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Sunday, March 30, 2008

2008 US Presidential Candidates on ABORTION

One of the main issues asked to US Presidential Candidates for 2008 is ABORTION. Needless to state, this has always been associated with RH advocacy, which is actually false, unfair, and misleading. For one, as an RH advocate, I personally do not subscribe to such. But then again, I am all for informed choices and respect for the rights of women and couples to exercise such right, as guaranteed by the Constitution. Corollary to that, ARH (adolescent reproductive health) Education is aimed at reducing unwanted pregnancies among teenagers, thereby also reducing cases of abortion in these age group.

Having said that, it bears stressing then that access to RH care and services in this country is greatly influenced by the relationship existing between the US and the Philippines. The latter, as earlier pointed out by Carol in the previous post, being a long time recipient of USAID funding on matters of population and health. And although the success of RH/PopDev advocacy in the country greatly depends on the strengths and capacity of the advocates to deal with the challenges that goes with it, it cannot be denied that to some extent, the results of the 2008 US Presidential Elections in the "super power of the world", will affect the same.

Here's a peek of what the candidates have to say:

Barack Obama: Democratic Senator from Illinois

Supports Roe v. Wade;

criticized Supreme Court decision that upheld ban

on partial-birth abortions.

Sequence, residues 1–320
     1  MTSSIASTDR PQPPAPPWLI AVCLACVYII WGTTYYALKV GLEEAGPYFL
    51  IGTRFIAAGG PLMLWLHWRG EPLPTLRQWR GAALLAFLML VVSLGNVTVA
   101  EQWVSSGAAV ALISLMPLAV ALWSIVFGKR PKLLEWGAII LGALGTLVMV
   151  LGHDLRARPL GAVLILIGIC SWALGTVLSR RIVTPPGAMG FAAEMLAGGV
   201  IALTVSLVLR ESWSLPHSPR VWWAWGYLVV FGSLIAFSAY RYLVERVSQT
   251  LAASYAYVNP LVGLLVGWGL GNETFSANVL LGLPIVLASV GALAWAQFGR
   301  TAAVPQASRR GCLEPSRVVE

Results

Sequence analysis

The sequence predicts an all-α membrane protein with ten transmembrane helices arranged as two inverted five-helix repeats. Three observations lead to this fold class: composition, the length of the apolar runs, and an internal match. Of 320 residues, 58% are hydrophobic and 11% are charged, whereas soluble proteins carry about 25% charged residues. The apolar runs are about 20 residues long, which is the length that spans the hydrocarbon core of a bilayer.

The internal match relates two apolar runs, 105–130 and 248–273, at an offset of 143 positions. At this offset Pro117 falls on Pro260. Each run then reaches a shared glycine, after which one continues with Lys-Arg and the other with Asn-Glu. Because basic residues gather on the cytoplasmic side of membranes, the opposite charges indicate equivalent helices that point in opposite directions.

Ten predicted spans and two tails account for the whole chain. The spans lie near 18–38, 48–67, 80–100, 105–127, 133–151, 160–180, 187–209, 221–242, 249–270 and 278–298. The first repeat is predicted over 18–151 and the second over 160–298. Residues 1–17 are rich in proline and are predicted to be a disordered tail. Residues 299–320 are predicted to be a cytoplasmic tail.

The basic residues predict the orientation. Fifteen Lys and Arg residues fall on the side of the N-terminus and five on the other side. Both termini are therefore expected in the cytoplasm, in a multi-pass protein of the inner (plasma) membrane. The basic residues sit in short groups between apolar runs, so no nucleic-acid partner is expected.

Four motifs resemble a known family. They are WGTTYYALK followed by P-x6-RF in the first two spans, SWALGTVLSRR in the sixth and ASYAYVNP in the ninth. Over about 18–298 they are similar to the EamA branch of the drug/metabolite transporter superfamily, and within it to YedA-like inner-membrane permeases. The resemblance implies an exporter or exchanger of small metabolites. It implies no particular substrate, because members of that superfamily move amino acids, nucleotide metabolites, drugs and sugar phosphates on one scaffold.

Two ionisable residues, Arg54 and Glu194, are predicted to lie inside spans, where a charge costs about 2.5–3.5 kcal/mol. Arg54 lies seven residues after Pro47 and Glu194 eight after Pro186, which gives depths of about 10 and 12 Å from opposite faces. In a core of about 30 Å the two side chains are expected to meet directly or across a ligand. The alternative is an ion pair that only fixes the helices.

Hillary Clinton: Democratic Senator from New York

Supports Roe v. Wade;

opposes ban on partial-birth abortions;

judges should protect women's rights.

John McCain: Republican Senator from Arizona

Wants to overturn Roe v. Wade, but has been supportive in the past;

supported Supreme Court decision that upheld ban on partial-birth abortions;

"strict constructionist judges."

What is Roe vs. Wade?

Argued December 13, 1971; Reargued October 11, 1972; Decided January 22, 1973

Roe v. Wade, 410 U.S. 113 (1973) is a United States Supreme Court case that resulted in a landmark decision regarding abortion. According to the Roe decision, most laws against abortion in the United States violated a constitutional right to privacy under the Due Process Clause of the Fourteenth Amendment. The decision overturned all state and federal laws outlawing or restricting abortion that were inconsistent with its holdings. Roe v. Wade is one of the most controversial and politically significant cases in U.S. Supreme Court history. Its lesser-known companion case, Doe v. Bolton, was decided at the same time.

The central holding of Roe v. Wade was that abortions are permissible for any reason a woman chooses, up until the "point at which the fetus becomes ‘viable,’ that is, potentially able to live outside the mother's womb, albeit with artificial aid. Viability is usually placed at about seven months (28 weeks) but may occur earlier, even at 24 weeks. The Court also held that abortion after viability must be available when needed to protect a woman's health, which the Court defined broadly in the companion case of Doe v. Bolton. These court rulings affected laws in 46 states.

The Roe v. Wade decision prompted national debate that continues to this day. Debated subjects include:

a.) whether and to what extent abortion should be illegal;

b.) who should decide whether or not abortion is illegal;

c.)what methods the Supreme Court should use in constitutional adjudication,


d.) what the role should be of religious and moral views in the political sphere.

Roe v. Wade reshaped national politics, dividing much of the nation into pro-Roe (mostly pro-choice) and anti-Roe (mostly pro-life) camps, and inspiring grassroots activism on both sides.

Click here to read more about what the candidates have to say on this issue.